Biden To Fund Infrastructure MEGA SPENDING BILL With Senior Citizen's Money For Medications!
As the Senate works on Biden's landmark big spending infrastructure bill, one of the the stakeholders lost in the crosshairs has been patients benefiting from the Rebate Rule. This Medicare provision saves seniors countless dollars at the Pharmacy and ensures that our country's sickest are able to afford their medications.
Now they're trying to take that away in order to pay for roads and bridges. This is just another Democrat boondoggle and now they're trying to fund it with money promised to our seniors! We need to oppose this plan.
Read the full article below from the Wall Street Journal to get an in depth look at what's going on with this package.
Lawmakers dropped plans to pay for a roughly $1 trillion infrastructure package in part by boosting tax-collecting enforcement at the Internal Revenue Service, a setback for the bipartisan measure ahead of a looming deadline for agreement.
The shift came after pushback from Republicans who were wary of granting the agency more money and power, Sen. Rob Portman (R., Ohio), one of the lead negotiators, said Sunday on CNN. Legislative aides from both parties confirmed the move.
The change means that the plan to strengthen the IRS to do more to collect taxes owed but not collected—a priority for President Biden —has stalled, at least for now. But lawmakers say it could be revived elsewhere, in a separate spending package pushed by Democrats.
The decision to exclude the IRS provision means lawmakers will have to scramble to replace it to complete the infrastructure package before a midweek deadline, and it casts new uncertainty over the talks.
Republicans and Democrats have spent weeks trying to negotiate an infrastructure deal, including funding for roads, bridges and broadband. But they have struggled with how to cover the cost without increasing the federal deficit, which has risen to record levels over the past few years because of tax cuts and pandemic-related spending. They have said the plan would be fully paid for with new revenue. MAY ALSO LIKE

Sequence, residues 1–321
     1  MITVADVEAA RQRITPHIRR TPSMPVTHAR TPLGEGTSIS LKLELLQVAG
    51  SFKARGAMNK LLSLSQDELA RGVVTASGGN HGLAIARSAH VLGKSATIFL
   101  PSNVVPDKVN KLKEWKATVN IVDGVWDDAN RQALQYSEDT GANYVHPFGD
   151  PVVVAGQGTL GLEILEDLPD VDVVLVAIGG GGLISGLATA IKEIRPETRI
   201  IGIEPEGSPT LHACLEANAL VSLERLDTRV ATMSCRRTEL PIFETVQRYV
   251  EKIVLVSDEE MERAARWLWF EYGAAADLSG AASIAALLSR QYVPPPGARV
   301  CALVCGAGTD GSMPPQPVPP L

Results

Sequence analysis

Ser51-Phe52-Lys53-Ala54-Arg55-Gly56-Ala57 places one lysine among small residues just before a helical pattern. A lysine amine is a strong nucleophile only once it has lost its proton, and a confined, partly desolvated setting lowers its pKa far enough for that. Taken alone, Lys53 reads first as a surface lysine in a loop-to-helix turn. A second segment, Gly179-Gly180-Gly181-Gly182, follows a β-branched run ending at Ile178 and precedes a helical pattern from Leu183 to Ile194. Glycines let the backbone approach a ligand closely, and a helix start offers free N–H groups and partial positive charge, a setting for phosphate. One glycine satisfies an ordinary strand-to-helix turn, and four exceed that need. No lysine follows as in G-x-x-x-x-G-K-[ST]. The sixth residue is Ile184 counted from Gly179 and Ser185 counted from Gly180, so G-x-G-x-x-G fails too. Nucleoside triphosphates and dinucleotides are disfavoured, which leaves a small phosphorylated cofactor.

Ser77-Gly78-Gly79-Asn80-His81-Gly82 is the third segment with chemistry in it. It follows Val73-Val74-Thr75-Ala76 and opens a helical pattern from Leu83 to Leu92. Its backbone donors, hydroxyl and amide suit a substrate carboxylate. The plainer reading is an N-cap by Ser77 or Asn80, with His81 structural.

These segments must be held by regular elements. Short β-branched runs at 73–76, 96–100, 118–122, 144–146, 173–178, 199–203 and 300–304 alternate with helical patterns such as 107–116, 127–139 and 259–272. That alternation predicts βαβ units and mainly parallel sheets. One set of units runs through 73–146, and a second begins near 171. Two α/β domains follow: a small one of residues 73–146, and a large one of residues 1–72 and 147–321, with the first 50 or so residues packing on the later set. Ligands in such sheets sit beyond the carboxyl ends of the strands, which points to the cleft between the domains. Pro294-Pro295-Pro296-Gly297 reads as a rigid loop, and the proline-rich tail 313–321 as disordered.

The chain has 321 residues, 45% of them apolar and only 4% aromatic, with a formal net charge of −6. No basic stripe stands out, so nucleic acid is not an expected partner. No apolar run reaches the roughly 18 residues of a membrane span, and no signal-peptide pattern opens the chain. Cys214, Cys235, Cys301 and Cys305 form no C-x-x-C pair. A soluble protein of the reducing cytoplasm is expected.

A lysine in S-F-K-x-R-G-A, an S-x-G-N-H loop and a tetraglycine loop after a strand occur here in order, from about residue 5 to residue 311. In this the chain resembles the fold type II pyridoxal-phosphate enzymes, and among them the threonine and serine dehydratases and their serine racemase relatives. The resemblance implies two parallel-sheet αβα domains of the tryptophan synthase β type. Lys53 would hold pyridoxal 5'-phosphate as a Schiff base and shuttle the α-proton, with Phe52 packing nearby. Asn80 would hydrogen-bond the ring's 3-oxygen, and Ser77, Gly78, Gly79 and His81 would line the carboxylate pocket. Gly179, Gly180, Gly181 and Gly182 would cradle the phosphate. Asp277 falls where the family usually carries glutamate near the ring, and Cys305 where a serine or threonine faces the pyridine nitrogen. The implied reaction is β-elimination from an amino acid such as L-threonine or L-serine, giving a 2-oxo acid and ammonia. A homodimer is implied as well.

Lawmakers face the first test this week of whether there will be enough support to move forward with the infrastructure deal, along with a separate $3.5 trillion budget resolution supported only by Democrats. That package includes provisions aimed at addressing climate change, expanded access to education and affordable child care and broader Medicare benefits. The two pieces of legislation together comprise most of the White House’s legislative agenda. Senate Majority Leader Chuck Schumer (D., N.Y.) said last week that he would take the first procedural step Monday, setting up a vote Wednesday to begin debate on the bipartisan infrastructure bill. Democratic support for the infrastructure legislation, however, depends on the party coalescing by the same day around the $3.5 trillion budget resolution.
Both bills rely on fragile coalitions of lawmakers deciding to compromise. Republicans and Democrats were still working on details over the weekend and said they weren’t sure if they would meet the midweek deadline.
Sen. Bill Cassidy (R., La.) said on Fox News Sunday that meeting the Wednesday deadline was possible, but only if the negotiators agreed on provisions to pay for the plan. “We need Senate leadership, Schumer, and the White House to work with us. Right now, I can—I can frankly tell you that they’ve not,” Mr. Cassidy said.
Mr. Portman, the lead GOP negotiator on the infrastructure deal, said they shouldn’t have a Wednesday deadline. “It’s more important to get it right than to meet an arbitrary deadline,” he said.
Lawmakers in the bipartisan negotiating group, including Sen. Jon Tester (D., Mont.) had said last week they were already looking at alternatives to the IRS provision to raise revenue. The process has been made difficult by Republicans’ refusal to raise taxes and Democrats’ unwillingness to raise user fees on lower and middle-income Americans.